NAFA members, Scott McCreary at McAfee & Taft and Jeffrey Towers at TVPX, weigh in on deciding where to register an aircraft that is operated in multiple jurisdictions. Originally published in Corporate Jet Investor's Official Guide to Aircraft Registration - April 2018.
As many aircraft are regularly operated in multiple jurisdictions, corporate aircraft owners are faced with multiple choices as to where they will register their aircraft for nationality purposes. Once the pros and cons of each registry are fully considered, owners often choose to register their aircraft on a registry that does not correspond with the nationality of the corporate jet owner. One of the most frequently chosen aircraft registries is the United States Federal Aviation Administration (FAA) Aircraft Registry, commonly referred to as the N Registry.
The FAA is the primary US regulatory agency that governs and oversees registration, maintenance and operation of aircraft. In addition, the United States Department of Transportation further provides economic authority for certain aircraft operations and protects consumers from unfair and deceptive trade practices involving the sale of air transportation. The FAA Aircraft Registry located in Oklahoma City, Oklahoma, issues Certificates of Aircraft Registration for both commercial and general aviation aircraft. To register an aircraft with the FAA, the applicant for registration must file documents evidencing ownership of the aircraft in the name of the applicant, as well as an AC Form 8050-1 aircraft registration application. To perfect liens or encumbrances against aircraft registered with the FAA, parties must (i) file the security documents with the FAA and (ii) comply with the registration requirements under the Cape Town Treaty, when applicable.
Why is the US a preferred jurisdiction for aircraft registration?
There are several advantages to registering an aircraft in the US. The FAA is widely respected for its easy, secure and inexpensive processes for filing aircraft title transfer, registration and security documents. There is also a long history of court decisions and other legal precedents regarding the processes for registering and canceling aircraft from the FAA, as well as the validity, priority and enforceability of security interests in aircraft. The US was also one of the first countries to adopt the Cape Town Treaty, thus providing the additional comfort and assurance that interests properly created and registered under the Cape Town Treaty will be recognized in other Contracting States. The clarity of applicable law and long history of legal precedents for enforcing rights of owners and lenders for US-registered aircraft appeals to aircraft lenders, lessors and borrowers.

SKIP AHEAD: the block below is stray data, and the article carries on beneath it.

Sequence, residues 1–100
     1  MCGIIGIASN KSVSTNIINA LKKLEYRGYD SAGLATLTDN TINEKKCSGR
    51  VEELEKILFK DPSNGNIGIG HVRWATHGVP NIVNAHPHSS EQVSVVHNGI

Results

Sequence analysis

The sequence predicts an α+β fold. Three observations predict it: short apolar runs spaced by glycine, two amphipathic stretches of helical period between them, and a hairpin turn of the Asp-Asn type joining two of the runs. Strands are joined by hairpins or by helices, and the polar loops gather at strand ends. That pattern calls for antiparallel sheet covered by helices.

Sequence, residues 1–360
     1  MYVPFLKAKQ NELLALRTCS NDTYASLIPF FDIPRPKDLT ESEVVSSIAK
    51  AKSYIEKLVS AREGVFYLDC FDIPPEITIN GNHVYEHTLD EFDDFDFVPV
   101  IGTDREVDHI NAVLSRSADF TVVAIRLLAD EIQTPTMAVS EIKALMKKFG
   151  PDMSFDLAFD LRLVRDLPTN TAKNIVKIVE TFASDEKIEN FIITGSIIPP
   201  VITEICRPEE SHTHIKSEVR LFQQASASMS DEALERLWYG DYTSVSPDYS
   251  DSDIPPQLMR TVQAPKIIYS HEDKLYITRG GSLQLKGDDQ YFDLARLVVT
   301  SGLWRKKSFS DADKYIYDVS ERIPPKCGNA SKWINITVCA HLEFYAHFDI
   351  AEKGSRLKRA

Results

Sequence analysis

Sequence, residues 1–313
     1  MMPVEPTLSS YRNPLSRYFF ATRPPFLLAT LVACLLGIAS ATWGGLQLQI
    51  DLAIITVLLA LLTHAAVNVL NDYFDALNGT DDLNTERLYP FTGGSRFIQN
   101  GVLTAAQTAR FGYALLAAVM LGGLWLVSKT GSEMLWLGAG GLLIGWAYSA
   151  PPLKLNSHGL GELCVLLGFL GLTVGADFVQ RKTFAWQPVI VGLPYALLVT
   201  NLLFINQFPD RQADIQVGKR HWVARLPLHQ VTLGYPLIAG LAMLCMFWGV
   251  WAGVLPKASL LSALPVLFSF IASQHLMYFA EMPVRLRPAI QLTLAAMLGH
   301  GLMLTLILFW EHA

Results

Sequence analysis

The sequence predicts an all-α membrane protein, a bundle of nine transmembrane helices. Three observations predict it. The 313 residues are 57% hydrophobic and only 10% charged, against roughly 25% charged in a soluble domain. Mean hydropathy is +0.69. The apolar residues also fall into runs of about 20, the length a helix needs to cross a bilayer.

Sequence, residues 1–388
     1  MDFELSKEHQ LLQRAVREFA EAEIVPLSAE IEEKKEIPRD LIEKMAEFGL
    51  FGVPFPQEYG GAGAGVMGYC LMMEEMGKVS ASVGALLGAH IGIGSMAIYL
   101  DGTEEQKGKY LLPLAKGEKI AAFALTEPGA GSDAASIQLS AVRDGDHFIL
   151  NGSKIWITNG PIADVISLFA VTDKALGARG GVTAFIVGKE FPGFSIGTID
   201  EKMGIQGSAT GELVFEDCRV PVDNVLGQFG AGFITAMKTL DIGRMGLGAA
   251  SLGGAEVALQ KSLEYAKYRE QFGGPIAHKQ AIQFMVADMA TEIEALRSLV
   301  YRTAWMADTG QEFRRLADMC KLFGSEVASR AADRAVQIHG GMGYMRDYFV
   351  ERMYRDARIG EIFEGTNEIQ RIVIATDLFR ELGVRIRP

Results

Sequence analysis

The FAA provides an efficient system for owners and lenders to file documents and now accepts documents bearing appropriate digital signatures, which simplifies and expedites the closing process. There is a large pool of internationally-recognized aviation attorneys and other professionals in the US available to assist aircraft owners and lenders. Many parties also take comfort in the fact that the FAA, as part of the US government, has the resources and wherewithal to properly oversee and enforce its rules and obligations as an aircraft registry. Finally, there is ample evidence that registration with the FAA helps to preserve the value of a business aircraft, both because the FAA’s standards for aircraft operations and maintenance are among the highest in the world and because the US is the most active market for